T-COY Carino

I had no idea who was behind this track when I first heard it in Manchester clubs in 1987 but I really loved it. When my brother bought it, we realised it was probably a local production because Mike Pickering was a Hacienda DJ and the ‘Pickering’ credited on the label was probably him.

‘T-COY’ stands for ‘Take Care Of Yourself’ according to www.deconstructionrecords.co.uk.

Carino contains sounds and melodic phrases from south american music; I think at the time we called it ‘latin-house’ for want of a better term.

There was a big south american/spanish theme going on in pop music generally in 1987. La Bamba, performed by Los Lobos, reached No. 1 in the UK charts during 1987, as did Madonna’s La Isla Bonita.

Many jazz dance tracks which I heard in The Berlin, and subsequently bought on Streetsounds Jazz Juice albums, were either jazz-latin tracks or had a south american sound. Various musicians in Manchester were using samba rhythm sections, notably A Certain Ratio and Inner Sense Percussion. (Well Inner Sense Percussion was a samba/batucada rhythm section.)

Simon Topping, from A Certain Ratio, provided the real percussion sounds for Carino. Ritchie Close played the latin keyboard part; he played with Apitos, a jazz-funk band, but also worked as a session musician.

I imagine the jazz-latin keyboards and real percussion sounds were intended to ‘add warmth’ to the electonic music, without using a human voice. There is also a parallel between batucada-style samba and house because both are percussive, repetitive forms of dance music, not tied to a ‘verse-chorus’ structure.

This won’t be the best quality recording of Carino on YouTube but it is worth watching for the dancers, who are from Manchester. Some of the guys are Foot Patrol, and I remember seeing the girl with the stripes dancing in the Hacienda in a competition. She danced Lindy-Hop steps (from the 1920s) which I tried to copy without much success! I think the girls may have been called the She-Devils.

The video also contains rather random footage of speeded-up New York street scenes… reminiscent of the film ‘Koyaanisquatsi: Life out of Balance’ (1982) by Godfrey Reggio and Ron Fricke, where time-lapse photography makes the human race seem like an insect colony. Koyaanisquatsi was much imitated during the mid-80s; archive film of space, industry or factory production lines could easily be speeded up to produce a similar effect. DIY videos made in this way routinely accompanied music at the Hacienda (where Mike Pickering worked). This was when angst-ridden self-doubt was still in the ascendant, before unrepentant hedonism took over, circa 1988.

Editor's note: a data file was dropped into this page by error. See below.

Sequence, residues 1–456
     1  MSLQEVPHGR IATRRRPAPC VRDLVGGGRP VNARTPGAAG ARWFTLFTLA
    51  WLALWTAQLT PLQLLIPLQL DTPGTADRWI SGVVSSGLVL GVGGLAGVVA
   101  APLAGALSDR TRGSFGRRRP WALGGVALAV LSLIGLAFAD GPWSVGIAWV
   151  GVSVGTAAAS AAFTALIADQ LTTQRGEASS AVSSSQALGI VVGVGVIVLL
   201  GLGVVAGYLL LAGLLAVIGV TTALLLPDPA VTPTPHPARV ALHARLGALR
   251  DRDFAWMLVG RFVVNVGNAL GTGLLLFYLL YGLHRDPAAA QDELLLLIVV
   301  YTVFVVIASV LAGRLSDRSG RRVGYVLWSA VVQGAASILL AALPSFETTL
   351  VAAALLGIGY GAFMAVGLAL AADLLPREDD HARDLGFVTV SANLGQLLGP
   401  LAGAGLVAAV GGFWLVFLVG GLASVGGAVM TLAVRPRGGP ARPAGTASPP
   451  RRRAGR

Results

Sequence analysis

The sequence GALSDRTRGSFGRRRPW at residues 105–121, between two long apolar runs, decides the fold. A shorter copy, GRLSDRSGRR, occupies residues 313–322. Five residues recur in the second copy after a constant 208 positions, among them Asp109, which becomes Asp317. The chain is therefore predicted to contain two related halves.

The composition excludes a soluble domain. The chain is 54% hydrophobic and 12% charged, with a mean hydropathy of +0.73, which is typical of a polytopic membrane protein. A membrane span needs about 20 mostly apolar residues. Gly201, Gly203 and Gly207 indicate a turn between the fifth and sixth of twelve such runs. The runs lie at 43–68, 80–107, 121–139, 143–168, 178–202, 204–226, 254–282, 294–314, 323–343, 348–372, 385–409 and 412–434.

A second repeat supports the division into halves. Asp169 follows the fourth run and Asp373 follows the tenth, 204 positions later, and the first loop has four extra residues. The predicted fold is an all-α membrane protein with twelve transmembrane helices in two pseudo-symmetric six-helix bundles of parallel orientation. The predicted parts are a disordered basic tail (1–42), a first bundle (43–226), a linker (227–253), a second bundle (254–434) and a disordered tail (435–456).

Carino was released on 1st May, 1987 and is now said to be the first British House record, although I don’t remember hearing that said at the time. This piece called ‘House Proud’ is from the first issue of the fanzine SCAM, from summer 1987, and no such claim is made in the interview:

By Sarah & Al – Sarah Champion and Alison Martin, who produced the SCAM fanzine.

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  1. John Nash

    The girl in the striped leggings is called Zuzan and M Pickering produced a single for her and her crew called Girls Can Jak Too. Stu Allan got behind it on his Piccadilly radio show but I don’t think it ended up doing much.

    Carino — great tune, brings back many fantastic Hacienda memories.

  2. Dexey

    Good article. Though i think the fact that they didnt say in that interview that it was the first UK house record released was because at the time it wouldnt have meant especially much. No one had any idea how huge House music would get. Just shows how small comparatively House was back then and that they werent especially thinking about legacy at the time.

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